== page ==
Official NASA Biography - 1997
NAME: Joseph P. Allen (Ph.D.)
NASA Astronaut (former)
PERSONAL DATA: Born in Crawfordsville, Indiana, on June 27, 1937. Married to the former Bonnie Jo Darling of Elkhart, Indiana. They have a son and a daughter. Recreational interests include handball, squash, flying, sailing, skiing, music, and photography. His parents, Mr. and Mrs. Joseph P. Allen III, reside in Frankfort, Indiana. Her mother, Mrs. W. C. Darling, resides in Elkhart, Indiana.
EDUCATION: Attended Mills School and is a graduate of Crawfordsville High School in Indiana; received a bachelor of arts degree in math-physics from DePauw University in 1959, and a master of science degree and a doctor of philosophy degree in physics from Yale University in 1961 and 1965, respectively.
ORGANIZATIONS: Member of the American Physical Society, the American Astronautical Society, the American Institute of Aeronautics and Astronautics, the American Association for the Advancement of Science, Phi Beta Kappa, Beta Theta Pi, Sigma Xi, and Phi Eta Sigma.
SPECIAL HONORS: Winner of a Fulbright Scholarship to Germany (1959-1960), the Outstanding Flying Award, Class 69-06, Vance Air Force Base (1969), two NASA Group Achievement Awards (1971and 1974) in recognition of contributions to the Apollo 15 Lunar Traverse Planning Team and for subsequent work on the Outlook for Space Study Team; presented the 1972 Yale Science and Engineering Association Award for Advancement of Basic and Applied Science, the DePauw University Distinguished Alumnus Award (1972), a NASA Exceptional Scientific Achievement Medal (1973), a NASA exceptional Service Medal (1978), and a NASA Superior Performance Award (1975 and 1981), and honorary doctor of science from DePauw University (1983), and the Komarov Diploma from the Federation Aeronautique Internationale
EXPERIENCE: Allen was a research associate in the
Nuclear Physics Laboratory at the University of Washington prior to his
selection as an astronaut. He was a staff physicist at the Nuclear Structure
Laboratory at Yale University in 1965 and 1966, and during the period 1963 to
1967, served as a guest research associate at the Brookhaven National
He has logged more than 3,000 hours flying time in jet aircraft.
NASA EXPERIENCE: Dr. Allen was selected as a
scientist-astronaut by NASA in August 1967. He completed flight training at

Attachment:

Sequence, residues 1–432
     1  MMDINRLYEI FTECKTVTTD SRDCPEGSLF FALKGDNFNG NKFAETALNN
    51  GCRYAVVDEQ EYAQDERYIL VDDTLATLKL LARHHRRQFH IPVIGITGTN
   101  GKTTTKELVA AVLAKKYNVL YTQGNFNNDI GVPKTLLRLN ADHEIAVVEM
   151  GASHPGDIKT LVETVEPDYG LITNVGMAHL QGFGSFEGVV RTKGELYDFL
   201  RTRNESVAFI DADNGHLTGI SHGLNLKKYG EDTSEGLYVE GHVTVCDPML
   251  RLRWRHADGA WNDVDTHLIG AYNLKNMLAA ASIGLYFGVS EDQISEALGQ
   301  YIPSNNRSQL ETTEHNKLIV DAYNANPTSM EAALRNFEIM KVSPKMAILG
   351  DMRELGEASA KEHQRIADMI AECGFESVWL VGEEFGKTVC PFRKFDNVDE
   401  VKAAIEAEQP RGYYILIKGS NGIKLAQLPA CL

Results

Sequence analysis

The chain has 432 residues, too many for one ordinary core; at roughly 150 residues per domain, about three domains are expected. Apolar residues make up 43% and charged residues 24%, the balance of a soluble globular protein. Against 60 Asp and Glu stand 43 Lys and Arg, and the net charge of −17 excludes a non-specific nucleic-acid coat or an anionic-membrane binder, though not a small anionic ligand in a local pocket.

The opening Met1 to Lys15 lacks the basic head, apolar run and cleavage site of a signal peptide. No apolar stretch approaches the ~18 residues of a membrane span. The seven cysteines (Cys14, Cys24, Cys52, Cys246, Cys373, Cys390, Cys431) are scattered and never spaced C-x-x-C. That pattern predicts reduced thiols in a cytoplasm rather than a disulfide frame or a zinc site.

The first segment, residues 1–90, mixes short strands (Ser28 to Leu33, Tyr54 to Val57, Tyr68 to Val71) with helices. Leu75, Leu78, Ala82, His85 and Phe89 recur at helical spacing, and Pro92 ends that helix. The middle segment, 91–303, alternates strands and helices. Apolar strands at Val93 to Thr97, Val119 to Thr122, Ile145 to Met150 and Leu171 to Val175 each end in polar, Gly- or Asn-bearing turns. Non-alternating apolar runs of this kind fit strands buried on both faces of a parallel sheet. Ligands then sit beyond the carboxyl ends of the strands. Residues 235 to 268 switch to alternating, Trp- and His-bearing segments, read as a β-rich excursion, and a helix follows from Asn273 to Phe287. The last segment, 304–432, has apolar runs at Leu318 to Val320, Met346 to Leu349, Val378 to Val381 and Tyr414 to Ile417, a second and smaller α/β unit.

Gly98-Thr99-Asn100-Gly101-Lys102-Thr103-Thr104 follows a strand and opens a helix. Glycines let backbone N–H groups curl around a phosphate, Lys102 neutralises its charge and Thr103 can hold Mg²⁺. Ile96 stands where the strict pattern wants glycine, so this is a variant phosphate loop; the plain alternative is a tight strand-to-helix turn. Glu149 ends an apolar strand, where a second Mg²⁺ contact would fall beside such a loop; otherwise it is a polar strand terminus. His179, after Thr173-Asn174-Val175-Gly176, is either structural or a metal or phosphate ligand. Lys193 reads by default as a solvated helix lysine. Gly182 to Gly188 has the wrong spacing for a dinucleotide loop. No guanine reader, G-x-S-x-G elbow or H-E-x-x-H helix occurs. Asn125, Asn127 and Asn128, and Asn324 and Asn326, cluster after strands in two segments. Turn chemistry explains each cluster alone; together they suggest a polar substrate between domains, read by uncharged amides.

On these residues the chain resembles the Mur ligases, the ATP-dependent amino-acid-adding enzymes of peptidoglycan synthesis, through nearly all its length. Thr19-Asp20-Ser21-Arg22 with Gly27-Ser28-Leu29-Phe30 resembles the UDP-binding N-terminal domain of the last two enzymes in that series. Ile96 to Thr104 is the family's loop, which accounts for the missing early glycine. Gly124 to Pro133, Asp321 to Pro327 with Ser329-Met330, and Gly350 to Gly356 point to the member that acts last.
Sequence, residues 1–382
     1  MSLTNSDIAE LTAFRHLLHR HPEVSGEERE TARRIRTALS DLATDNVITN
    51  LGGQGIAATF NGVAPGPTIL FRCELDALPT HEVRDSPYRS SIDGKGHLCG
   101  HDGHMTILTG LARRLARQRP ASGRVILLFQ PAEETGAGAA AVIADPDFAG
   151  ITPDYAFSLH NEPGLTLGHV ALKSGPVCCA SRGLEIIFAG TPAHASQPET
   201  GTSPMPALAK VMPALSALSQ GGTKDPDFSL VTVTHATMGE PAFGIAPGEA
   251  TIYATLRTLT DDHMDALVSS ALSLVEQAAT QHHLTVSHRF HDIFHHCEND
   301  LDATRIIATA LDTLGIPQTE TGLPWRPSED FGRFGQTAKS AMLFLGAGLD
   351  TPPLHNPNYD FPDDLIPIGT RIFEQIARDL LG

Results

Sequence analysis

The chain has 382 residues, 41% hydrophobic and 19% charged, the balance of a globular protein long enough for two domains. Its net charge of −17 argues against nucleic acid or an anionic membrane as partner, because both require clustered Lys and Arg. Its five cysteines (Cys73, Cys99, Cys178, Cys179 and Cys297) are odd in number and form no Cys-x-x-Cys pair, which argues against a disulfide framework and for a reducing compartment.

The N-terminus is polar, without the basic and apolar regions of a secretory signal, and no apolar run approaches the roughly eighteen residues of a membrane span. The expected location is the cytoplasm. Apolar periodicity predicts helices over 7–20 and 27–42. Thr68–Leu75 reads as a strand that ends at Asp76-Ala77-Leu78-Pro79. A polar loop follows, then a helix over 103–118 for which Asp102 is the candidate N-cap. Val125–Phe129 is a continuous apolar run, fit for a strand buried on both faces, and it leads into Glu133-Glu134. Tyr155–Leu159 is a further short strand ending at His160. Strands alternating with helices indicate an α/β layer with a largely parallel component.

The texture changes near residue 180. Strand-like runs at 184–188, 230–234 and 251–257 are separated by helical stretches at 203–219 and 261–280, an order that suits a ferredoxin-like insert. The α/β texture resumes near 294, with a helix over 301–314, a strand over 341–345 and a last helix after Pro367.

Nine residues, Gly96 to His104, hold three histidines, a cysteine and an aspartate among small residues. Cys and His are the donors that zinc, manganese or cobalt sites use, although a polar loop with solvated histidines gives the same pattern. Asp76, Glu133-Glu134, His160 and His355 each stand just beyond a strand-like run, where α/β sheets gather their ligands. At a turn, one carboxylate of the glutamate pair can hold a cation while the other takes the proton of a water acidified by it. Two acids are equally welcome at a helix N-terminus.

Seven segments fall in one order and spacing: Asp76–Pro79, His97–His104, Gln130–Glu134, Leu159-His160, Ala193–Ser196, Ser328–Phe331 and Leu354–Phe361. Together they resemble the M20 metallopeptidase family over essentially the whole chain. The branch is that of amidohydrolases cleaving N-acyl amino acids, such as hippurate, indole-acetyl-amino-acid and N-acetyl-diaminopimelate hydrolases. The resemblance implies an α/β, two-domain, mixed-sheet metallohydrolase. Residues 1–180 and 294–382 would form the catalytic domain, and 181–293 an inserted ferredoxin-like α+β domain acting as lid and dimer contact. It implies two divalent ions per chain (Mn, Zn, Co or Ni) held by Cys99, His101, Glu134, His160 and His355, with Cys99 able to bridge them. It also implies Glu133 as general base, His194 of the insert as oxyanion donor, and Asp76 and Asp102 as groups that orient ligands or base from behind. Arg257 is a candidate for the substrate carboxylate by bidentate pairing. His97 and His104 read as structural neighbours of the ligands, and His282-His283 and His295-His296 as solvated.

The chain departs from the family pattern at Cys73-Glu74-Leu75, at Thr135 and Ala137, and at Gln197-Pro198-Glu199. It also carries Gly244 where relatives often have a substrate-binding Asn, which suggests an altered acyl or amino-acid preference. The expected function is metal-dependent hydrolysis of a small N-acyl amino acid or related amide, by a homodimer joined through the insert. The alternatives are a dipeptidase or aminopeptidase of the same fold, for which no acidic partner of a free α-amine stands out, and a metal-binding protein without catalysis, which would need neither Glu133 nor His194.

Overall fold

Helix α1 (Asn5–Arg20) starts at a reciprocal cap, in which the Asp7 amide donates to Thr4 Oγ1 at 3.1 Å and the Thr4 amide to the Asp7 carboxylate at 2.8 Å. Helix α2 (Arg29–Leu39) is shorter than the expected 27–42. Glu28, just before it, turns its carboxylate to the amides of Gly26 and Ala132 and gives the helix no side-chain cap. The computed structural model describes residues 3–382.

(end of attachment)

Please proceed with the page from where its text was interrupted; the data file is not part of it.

Vance Air Force Base, Oklahoma. He served as mission scientist while a member of
the astronaut support crew for Apollo 15 and served as a staff consultant on
science and technology to the President's Council on International Economic
From August 1975 to 1978, Dr. Allen served as NASA Assistant Administrator for Legislative Affairs in Washington, D.C. Returning to the Johnson Space Center in 1978, as a senior scientist astronaut, Dr. Allen was assigned to the Operations Mission Development Group. He served as a support crew member for the first orbital flight test of the Space Transportation System and was the entry CAPCOM for this mission. In addition, in 1980 and 1981, he worked as the technical assistant to the director of flight operations. He was a mission specialist on STS-5 (November 11-16, 1982) and STS-51A (November 8-16,1984) and has logged a total of 314 hours in space. He left NASA in 1985.
Dr. Allen is currently Chief Executive Officer of Space Industries International, Inc., 800 Connecticut Avenue, N.W., Suite 1111, Washington, D.C. 20006.
SPACE FLIGHT EXPERIENCE: STS-5 was the first fully
operational flight of the Shuttle Transportation System, which launched from
Kennedy Space Center, Florida, on November 11, 1982. The crew aboard Columbia
included Vance D. Brand (spacecraft commander), Col. Robert F. Overmyer (pilot),
and Dr. William B. Lenoir (mission specialist). STS-5, the first mission with a
crew of four, clearly demonstrated the Space Shuttle as fully operational by the